Nonprofit Resources


Mastering Employee Benefit Plan Complexities

Employee benefit plan (EBP) audits are higher risk and require more specialized knowledge than the average financial statement audit. In fact, the U.S. Department of Labor’s most recent assessment of the quality of EBP audits found that 39% are deficient. And an incomplete, inadequate, or late audit report can result in significant penalties for an organization.  

As part of our commitment to employee benefit audit quality, several members of our EBP audit team have earned the AICPA Intermediate Employee Benefit Plans Audit Certificate. The certificate program tests auditors’ ability to plan, perform, and evaluate EBP audits in accordance with Department of Labor and IRS requirements and AICPA standards. 

Augmenting Our Knowledge 

“The program augmented our existing knowledge while ensuring all our EBP team leads have the same information,” said Emily Toler, who serves as partner and Employee Benefit Plan Services Director at CapinCrouse.

The program also provided a reminder of how complex employee benefit plans can be, as well as the number of little nuances that can have a large effect on a plan, said Tammara Williamson, a partner in the West region. “Programs like this help us stay aware of all those nuances so our clients don’t have to.”

Advancing Our Service

Patricia Willhite, a senior manager in the North region, found the program’s information about why certain procedures are performed and certain requirements exist helpful. “This enables us to answer questions more quickly and accurately the first time,” she observed.

“The program gave me insight into best practices and what we need to look out for when performing EBP audits,” added Nathan Davis, who serves as a senior manager in the North region. “It has helped the firm ensure we’re always providing clients with high-quality audits.”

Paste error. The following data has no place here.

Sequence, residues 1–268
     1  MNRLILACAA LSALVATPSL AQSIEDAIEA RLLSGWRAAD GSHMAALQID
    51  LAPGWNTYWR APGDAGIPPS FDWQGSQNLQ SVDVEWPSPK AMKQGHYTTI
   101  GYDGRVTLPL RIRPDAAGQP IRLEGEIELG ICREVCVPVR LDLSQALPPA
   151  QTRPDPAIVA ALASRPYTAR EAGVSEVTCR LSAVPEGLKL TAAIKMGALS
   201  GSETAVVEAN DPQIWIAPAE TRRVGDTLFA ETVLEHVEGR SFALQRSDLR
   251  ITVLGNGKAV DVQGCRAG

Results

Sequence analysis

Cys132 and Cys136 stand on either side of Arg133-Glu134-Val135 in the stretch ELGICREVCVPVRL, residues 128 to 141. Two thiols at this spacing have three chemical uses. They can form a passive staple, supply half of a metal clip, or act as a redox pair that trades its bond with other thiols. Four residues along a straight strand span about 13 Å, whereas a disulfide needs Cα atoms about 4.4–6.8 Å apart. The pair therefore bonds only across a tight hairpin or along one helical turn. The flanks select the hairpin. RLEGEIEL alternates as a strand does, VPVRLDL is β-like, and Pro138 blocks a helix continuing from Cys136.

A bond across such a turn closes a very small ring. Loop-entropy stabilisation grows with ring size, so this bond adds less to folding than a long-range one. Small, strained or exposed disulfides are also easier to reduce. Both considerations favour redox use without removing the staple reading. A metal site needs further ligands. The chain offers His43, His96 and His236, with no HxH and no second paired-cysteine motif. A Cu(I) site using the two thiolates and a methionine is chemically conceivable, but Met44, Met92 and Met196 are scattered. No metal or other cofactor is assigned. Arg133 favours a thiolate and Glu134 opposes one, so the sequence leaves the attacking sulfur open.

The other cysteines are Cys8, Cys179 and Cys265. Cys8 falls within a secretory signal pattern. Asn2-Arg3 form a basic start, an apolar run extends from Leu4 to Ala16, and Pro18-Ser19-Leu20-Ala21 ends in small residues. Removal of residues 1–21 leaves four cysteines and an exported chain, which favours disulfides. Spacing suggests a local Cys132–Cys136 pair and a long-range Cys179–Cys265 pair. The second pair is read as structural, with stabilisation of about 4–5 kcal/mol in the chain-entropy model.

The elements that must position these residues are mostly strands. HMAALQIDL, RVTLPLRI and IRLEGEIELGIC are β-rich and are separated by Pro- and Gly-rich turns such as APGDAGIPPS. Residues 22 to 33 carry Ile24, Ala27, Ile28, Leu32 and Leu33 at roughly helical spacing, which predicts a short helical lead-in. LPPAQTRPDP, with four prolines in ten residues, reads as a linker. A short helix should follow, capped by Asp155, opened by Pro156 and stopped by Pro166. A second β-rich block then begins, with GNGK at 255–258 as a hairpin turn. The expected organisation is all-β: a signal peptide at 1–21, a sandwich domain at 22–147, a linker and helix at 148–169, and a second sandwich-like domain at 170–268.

Tammara noted that the firm’s participation in the program also benefits clients that may not already have an EBP audit. “The program provided information and references on when audits are necessary (and some of the basic exceptions), and when a plan is subject to the Employee Retirement Income Security Act (ERISA),” she said. “That helps us provide some assurance as to why a client may or may not need to look into an audit or file Form 5500.”

Continual Improvement

Emily noted that the team is working to incorporate learnings from the program and revisit its overall EBP audit strategies to improve the efficiency and effectiveness of its audits. This includes revisiting sampling methodology and incorporating ideas for analytically testing investments and investment income that can provide a high level of information without increasing the amount of time spent auditing investments.

“I was surprised at the difficulty level of the exam. It takes a lot of knowledge to pass it,” Emily said. “The fact that our Employee Benefit Plan Services Director and team leads have obtained this certification demonstrates that our team and our firm have what it takes to provide a high-quality EBP audit.”

If your organization has an employee benefit plan, it’s important to ensure you’re in compliance with the many rules and regulations. Our team is specifically trained to work with plans within nonprofit organizations. Learn more about our EBP audits and our Employee Benefit Plan Compliance Assessment, or contact us to discuss your specific needs. 


This article has been updated. 

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